The resulting two disc set of tracks is not made in the spirit of remixing choice ECM tracks in toto; nor is it meant to be a sample-fest that spotlights the artists rather than their sources. Instead, Villalobos and Loderbauer treat the recordings as compositional material: to be reworked and developed. Their approach is respectful; their manipulations made deftly and without the heavy-handedness one finds on some of the Blue Note remixes. Most striking here is the microscopic lens brought to details from the sources: breathy wind attacks, string noises on a harp, gently percussive articulations from a jazz drum kit. Indeed, some of Re: ECM’s best moments are accomplished via “addition by subtraction.”
While the artists themselves weren’t playing live for Villalobos and Loderbauer, there is a third presence on these recordings that bridges the gap between creators and recreators. Producer and ECM label head Manfred Eicher supervised the mastering of Re:ECM. Given his association with the source recordings the first time around, his involvement lends an air of authenticity to the proceedings. One can hear his presence as well. In virtually every respect, this sounds like an ECM disc: production values, sound world, ambience, and creative aesthetic.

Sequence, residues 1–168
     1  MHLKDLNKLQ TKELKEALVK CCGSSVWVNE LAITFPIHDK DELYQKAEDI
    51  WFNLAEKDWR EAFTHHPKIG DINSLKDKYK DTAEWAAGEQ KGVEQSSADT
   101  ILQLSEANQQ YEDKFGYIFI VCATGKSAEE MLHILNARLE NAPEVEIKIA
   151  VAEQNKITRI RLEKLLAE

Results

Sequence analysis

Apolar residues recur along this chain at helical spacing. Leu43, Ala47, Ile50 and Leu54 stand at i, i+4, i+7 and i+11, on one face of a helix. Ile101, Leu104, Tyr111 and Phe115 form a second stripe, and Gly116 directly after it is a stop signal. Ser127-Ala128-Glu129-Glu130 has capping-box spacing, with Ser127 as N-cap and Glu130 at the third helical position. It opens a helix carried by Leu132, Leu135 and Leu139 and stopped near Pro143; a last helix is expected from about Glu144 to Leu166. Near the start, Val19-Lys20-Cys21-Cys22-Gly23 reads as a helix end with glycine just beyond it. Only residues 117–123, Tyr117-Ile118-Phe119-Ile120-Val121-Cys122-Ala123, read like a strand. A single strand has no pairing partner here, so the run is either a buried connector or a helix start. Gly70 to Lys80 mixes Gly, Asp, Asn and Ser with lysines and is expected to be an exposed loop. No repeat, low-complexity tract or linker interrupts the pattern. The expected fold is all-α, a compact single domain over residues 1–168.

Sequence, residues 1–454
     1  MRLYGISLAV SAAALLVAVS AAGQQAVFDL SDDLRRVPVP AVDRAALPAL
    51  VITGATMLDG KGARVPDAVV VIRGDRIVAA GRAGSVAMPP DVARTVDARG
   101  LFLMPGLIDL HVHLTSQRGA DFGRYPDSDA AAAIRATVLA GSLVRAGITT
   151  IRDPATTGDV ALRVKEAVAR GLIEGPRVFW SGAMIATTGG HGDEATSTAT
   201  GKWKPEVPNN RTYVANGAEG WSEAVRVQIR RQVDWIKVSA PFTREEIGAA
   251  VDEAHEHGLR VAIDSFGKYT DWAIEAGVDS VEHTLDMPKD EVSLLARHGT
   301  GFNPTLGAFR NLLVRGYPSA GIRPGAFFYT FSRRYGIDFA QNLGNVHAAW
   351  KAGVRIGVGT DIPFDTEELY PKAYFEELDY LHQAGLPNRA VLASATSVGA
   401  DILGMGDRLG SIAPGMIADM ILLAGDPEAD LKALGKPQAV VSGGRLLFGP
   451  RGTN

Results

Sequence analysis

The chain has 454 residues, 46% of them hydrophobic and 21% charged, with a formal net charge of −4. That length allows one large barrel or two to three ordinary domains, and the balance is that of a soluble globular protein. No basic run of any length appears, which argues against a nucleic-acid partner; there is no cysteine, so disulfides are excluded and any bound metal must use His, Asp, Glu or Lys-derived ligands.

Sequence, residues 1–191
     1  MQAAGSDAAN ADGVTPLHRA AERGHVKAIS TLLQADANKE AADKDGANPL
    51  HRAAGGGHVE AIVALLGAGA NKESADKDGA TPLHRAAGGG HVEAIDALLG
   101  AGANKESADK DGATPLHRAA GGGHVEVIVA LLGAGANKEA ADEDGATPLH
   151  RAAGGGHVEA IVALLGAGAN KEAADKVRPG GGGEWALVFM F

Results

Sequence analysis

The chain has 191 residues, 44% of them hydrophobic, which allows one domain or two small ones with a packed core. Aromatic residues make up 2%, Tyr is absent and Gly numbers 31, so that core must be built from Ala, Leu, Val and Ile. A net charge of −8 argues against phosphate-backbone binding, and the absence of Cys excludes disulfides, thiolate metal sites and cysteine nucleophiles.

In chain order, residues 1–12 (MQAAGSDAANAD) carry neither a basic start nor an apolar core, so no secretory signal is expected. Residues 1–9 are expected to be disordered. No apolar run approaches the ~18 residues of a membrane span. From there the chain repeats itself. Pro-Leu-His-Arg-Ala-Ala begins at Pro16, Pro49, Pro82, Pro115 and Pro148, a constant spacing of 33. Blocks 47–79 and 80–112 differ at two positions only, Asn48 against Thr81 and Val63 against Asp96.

Too many crossover projects end up feeling like a fish out of water. On the contrary, Re: ECM is the real deal. Here’s an idea: next time around, get Villalobos and Loderbauer into the studio with some ECM recordings artists. The possibilities are tantalizing!
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Revised cover artwork for Reich's new CD
WTC 9/11, Mallet Quartet, Dance Patterns
Now that we’ve gotten the cover art discussion out of the way – and Nonesuch has acquiesced to the concerns of those who felt the artwork exploitative and inflammatory – let’s consider the music on Steve Reich’s latest recording.
An interest found throughout Steve Reich’s output concerns spoken word recordings, which he has employed in a number of pieces, from his early phase compositions to his most recent multimedia works. One of his watershed pieces from the 1980s, “Different Trains,” was written for the Kronos Quartet. It juxtaposes spoken word recordings detailing train travel in the US in the 1940s (Reich was frequently traveling from coast to coast to visit his estranged parents) with spoken word accounts of the treatment of deported victims of the Holocaust in transit to concentration camps.